Meet the Artist
By using my own experiences in Southern Appalachia, I address the uncomfortable experiences queer people face in society today. While progression continues to happen within the LGBTQIA+ community, people are still being rejected, kicked out of their homes, and harmed just because of their queer identity. I explore the relationship between identity and familial structure, Appalachian culture, and societal stigma. My exploration into these relationships are inspired by personal and others’ experiences, and I use narrative figure painting to construct a story around my work.
Through storytelling, I explore the liminal experiences of existing in uncomfortable and dangerous spaces as a queer person, and I juxtapose abstracted environments against figures within the work. I explore this tension in my work by use of hyper saturated color, mark making, and pitting characters against other antagonizing figures in nature. My paintings are fantastical; I am inspired by stories of epic fantasy, fairy tales, and artists such as Hernan Bas and Neo Rauch. These artists create magical and figurative paintings while telling a story, something I partake in when creating my art. When composing a body of work, I consider each painting within the series a chapter to the overall story, each piece tied to a different emotion or event that happened in real life. I use moments that I have personally experienced, as well as stories I have heard from others that I am close with, to drive the creation of my compositions. I use traditional storytelling elements in my paintings to strengthen the narrative of the work, and this includes the creation of a protagonist and antagonist, the format of the hero’s journey, and creating the work in a linear fashion. With this in mind, I do not let the linearity of the story influence my process in creating the work; I still allow it to evolve naturally as the paintings develop. The heroes and villains within my work can change from painting to painting, but what they represent within the work stays the same through the narrative.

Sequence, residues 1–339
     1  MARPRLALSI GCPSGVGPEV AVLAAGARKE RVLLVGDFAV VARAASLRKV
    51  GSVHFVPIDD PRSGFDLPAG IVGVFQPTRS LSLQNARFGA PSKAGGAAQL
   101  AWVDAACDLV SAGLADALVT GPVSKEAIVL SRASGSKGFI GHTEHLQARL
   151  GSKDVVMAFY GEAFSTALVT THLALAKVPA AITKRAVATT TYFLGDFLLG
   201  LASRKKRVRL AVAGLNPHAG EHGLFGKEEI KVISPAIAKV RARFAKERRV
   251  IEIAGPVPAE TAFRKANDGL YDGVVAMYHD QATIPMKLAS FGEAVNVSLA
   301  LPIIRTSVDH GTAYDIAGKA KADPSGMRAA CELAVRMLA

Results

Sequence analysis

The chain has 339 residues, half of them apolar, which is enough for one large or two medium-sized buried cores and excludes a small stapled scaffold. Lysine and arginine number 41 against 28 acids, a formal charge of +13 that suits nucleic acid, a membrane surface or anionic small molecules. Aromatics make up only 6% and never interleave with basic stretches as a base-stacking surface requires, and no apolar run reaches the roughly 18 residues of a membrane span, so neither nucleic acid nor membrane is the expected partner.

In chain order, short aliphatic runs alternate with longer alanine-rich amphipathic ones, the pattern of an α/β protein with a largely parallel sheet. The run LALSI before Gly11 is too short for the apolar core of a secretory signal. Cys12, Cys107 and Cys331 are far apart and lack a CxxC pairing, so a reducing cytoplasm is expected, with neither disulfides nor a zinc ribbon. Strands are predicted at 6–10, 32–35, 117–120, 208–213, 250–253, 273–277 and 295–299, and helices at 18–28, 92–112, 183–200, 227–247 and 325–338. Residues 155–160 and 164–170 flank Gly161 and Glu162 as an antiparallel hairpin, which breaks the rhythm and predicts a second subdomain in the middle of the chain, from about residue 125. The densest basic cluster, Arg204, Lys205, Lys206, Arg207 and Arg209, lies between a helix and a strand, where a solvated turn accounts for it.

Through the exploration of liminality in my life and my work, I am able to understand the complexities of queerness in terms of class, society, and family. I create these works so others can get a glimpse of what it is like to exist in a queer body in uncomfortable spaces. By using traditional Appalachian iconography, such as mountain landscapes, old trucks, and historic sites, I offer a bridge for those who wouldn’t normally interact with queer art, so that they can explore my works and be confronted with what I convey through my compositions. Through storytelling, I want to challenge the notion that everything is “okay” now in queer communities when, as a society, we have a lot to improve upon to ensure it is safe to be queer in America today.
Shawn Quilliams is a painter from East Tennessee currently residing in Fayetteville, Arkansas. He received his BFA in Painting from East Tennessee State University, and is currently pursuing his MFA in Painting at The University of Arkansas. He has been shown nationally in Tennessee, Michigan, Arkansas, North Carolina, New York, and more. He attended the Chautauqua School of Art, Arrowmont School of Arts and Crafts, and will be an artist in residence at Stoveworks in the summer.